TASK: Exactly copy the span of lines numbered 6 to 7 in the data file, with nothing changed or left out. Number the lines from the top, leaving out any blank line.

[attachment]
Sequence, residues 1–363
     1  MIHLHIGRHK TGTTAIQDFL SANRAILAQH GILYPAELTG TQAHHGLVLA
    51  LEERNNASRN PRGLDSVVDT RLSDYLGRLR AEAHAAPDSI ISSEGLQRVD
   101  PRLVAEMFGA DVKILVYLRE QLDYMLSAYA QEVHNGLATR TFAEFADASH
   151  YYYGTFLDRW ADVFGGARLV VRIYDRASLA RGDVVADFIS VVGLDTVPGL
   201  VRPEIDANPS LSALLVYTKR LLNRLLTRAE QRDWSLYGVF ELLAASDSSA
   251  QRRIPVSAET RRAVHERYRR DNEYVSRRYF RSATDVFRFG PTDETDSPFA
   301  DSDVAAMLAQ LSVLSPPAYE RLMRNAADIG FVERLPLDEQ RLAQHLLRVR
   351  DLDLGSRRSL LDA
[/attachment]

   201  VRPEIDANPS LSALLVYTKR LLNRLLTRAE QRDWSLYGVF ELLAASDSSA
   251  QRRIPVSAET RRAVHERYRR DNEYVSRRYF RSATDVFRFG PTDETDSPFA